Anesthetic Management of a Brown Bear (Ursus arctos) Captive Undergoing Incisional Biopsy of a Skin Nodule
Manejo anestésico de um urso pardo (Ursus arctos) cativo submetido a biópsia incisional de nódulo cutâneo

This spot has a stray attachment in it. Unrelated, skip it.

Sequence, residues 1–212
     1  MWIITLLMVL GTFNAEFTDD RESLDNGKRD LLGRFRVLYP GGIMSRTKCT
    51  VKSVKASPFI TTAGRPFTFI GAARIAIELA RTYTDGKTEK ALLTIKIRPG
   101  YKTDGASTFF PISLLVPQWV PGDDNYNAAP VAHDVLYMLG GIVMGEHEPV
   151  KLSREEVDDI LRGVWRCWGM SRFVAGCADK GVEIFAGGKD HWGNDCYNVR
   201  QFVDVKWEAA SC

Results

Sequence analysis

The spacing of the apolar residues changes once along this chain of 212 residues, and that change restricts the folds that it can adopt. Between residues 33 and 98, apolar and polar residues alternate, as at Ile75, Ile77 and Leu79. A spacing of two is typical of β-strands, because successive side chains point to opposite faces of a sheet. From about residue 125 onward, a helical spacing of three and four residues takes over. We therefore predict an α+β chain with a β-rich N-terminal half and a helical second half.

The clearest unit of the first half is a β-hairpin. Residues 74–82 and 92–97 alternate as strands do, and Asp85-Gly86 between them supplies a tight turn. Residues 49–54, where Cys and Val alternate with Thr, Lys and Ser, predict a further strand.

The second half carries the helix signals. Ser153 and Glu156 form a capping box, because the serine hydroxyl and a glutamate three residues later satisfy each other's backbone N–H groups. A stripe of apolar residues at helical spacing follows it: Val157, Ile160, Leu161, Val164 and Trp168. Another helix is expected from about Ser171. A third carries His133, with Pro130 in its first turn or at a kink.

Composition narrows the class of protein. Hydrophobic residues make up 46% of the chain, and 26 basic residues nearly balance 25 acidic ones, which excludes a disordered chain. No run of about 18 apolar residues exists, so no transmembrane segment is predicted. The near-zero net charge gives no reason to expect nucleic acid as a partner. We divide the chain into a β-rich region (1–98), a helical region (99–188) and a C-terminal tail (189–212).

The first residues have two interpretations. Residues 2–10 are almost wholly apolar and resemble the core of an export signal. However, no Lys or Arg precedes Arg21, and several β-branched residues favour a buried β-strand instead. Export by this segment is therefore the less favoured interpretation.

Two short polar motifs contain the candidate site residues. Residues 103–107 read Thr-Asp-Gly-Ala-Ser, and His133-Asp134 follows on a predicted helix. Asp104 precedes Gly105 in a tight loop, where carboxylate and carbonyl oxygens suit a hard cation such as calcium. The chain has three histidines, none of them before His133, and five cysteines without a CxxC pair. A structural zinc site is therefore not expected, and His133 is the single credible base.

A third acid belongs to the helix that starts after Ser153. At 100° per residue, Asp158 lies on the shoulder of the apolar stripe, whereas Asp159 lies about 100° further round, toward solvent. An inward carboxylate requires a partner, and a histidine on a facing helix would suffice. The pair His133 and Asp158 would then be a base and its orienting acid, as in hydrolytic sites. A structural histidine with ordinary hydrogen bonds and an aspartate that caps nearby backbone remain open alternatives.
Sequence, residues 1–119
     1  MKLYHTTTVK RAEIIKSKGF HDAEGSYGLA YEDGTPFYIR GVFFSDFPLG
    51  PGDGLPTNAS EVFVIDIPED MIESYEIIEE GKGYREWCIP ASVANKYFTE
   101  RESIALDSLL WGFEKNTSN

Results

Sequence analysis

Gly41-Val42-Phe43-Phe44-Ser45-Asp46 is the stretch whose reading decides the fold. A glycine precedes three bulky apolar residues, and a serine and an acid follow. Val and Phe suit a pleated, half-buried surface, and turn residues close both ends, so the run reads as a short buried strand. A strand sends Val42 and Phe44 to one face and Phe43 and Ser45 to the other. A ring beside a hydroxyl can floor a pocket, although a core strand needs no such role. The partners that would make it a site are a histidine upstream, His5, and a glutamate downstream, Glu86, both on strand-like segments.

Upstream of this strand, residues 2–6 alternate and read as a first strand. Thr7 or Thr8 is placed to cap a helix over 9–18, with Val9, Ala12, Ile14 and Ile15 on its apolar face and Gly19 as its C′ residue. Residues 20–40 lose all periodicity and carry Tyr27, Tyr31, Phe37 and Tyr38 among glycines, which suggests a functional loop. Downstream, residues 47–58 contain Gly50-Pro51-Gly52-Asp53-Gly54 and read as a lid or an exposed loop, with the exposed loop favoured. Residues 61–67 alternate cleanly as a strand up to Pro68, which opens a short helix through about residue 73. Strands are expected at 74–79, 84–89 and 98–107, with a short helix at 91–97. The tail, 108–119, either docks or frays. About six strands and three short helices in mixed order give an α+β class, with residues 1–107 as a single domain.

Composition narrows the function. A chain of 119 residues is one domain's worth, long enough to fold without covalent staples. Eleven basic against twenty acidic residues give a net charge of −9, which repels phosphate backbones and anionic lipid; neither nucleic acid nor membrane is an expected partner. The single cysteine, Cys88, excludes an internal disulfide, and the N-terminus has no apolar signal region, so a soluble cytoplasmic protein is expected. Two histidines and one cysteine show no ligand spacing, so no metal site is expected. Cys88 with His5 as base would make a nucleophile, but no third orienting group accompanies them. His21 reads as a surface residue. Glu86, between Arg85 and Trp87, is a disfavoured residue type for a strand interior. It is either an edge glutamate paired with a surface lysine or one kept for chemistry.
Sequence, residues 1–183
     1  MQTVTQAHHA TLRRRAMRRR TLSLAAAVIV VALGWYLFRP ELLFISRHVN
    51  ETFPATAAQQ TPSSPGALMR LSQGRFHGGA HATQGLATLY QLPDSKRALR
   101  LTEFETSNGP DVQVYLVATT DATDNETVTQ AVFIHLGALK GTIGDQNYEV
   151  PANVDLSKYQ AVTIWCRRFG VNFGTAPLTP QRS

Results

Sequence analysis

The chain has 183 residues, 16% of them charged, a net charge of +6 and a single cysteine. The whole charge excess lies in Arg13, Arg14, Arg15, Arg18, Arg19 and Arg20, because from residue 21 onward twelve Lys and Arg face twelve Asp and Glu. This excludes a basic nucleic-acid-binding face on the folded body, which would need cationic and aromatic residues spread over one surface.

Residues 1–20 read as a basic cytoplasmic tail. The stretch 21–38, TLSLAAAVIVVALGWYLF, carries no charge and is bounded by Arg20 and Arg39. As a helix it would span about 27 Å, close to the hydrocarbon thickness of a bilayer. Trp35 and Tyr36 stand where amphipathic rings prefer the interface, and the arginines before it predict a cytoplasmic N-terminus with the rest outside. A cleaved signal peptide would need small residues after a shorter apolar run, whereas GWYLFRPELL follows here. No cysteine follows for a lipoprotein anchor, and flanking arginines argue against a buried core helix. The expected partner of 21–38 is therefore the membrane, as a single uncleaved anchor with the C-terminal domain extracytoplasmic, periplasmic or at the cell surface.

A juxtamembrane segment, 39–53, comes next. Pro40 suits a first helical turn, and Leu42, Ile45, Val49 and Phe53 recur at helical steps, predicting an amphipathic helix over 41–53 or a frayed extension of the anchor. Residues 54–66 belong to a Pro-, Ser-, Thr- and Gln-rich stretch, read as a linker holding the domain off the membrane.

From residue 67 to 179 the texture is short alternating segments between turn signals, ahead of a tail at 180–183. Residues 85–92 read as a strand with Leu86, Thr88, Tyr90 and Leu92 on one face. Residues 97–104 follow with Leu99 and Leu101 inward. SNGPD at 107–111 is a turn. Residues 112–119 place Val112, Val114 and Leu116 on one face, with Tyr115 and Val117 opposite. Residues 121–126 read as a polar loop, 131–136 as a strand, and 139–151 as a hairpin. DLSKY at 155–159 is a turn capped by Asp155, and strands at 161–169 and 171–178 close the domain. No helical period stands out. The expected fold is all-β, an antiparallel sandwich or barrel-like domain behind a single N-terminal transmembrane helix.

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Background: The brown bear (Ursus arctos) is considered one of the largest terrestrial carnivores, native from temperate forest regions of North America, Europe and Asia. In Brazil, they are founded in captivity and their safe capture and immobilization are obtained with one effective anesthesia for management and surgical and diagnostic procedures. Some anesthetic protocols are described for these purposes, however, there is a lack for data on the anesthetic and adverse effects they have on bears when used. The aim of this case is to report the use and effects of the association of dexmedetomidine with tiletamine and zolazepam in the chemical containment of a captive adult brown bear. Case: A 33-year-old female brown bear, weighing 100 kg, belonging to the Zoobotanic Park of Teresina, Piauí, Brazil, was chemically immobilized for an incisional biopsy of a cutaneous nodule with 1.0 cm diameter in the right face region. The anesthetic protocol included 6 μg/kg of dexmedetomidine associated with 3 mg/kg of tiletamine and zolazepam, administered intramuscularly by dart into the gluteal region of the right pelvic limb. The animal showed moderate ataxia at 5 min and assumed sternal decubitus 7 min after anesthetic administration. The bear's degree of sedation was considered adequate and safe to perform the biopsy at 10 min after administration. Heart rate (47 ± 3 bpm), respiratory rate (17 ± 2 mpm) and rectal temperature (38.7 ± 0.1ºC) were monitored. The bear remained immobile and unconscious throughout the procedure, with intense muscle relaxation, bilateral eyeball rotation, absent lateral palpebral reflex and mild medial reflex and without nystagmus. Complementary sedative doses were not necessary. At the beginning of anesthetic recovery, the bear received 6 μg/kg of atipamezole, intramuscularly. After 25 min of administration of atipamezole, the animal showed signs of recovery in the level of consciousness and reactivity to external stimuli, and assumed the quadrupedal position at 60 min after reverser application. Discussion: Even in captivity, the bears behavior is unpredictable and attack can occur, causing trauma or death to people. For this, the chemical immobilization is important to keep safety of everyone. This procedure was performed using blowgun-assisted darts thrown by a staff member who had experience in using this method, who darted accurately and effectively. The latency time observed after administration of the anesthetic protocol used is similar to reported in other studies with bears that also received intramuscular dexmedetomidine and tiletamine and zolazepam and showed intense muscle relaxation and immobility. The doses used contributed to the absence of bradycardia and hypoventilation and, performing the procedure in the morning, when the temperature is milder in the city, minimized the chance of hyperthermia and thermal stress in the animal, not requiring body cooling. The use of dexmedetomidine in chemical containment protocols for short and minimally invasive procedures allows the subsequent use of its antagonist, atipamezole, contributing to a shorter recovery time, return of the animal's degree of consciousness and lower incidence of ataxia after assuming a quadrupedal position. The anesthetic protocol used was considered efficient, providing a quick and gentle chemical containment, adequate anesthetic plan and good anesthetic recovery in an adult brown bear from captivity.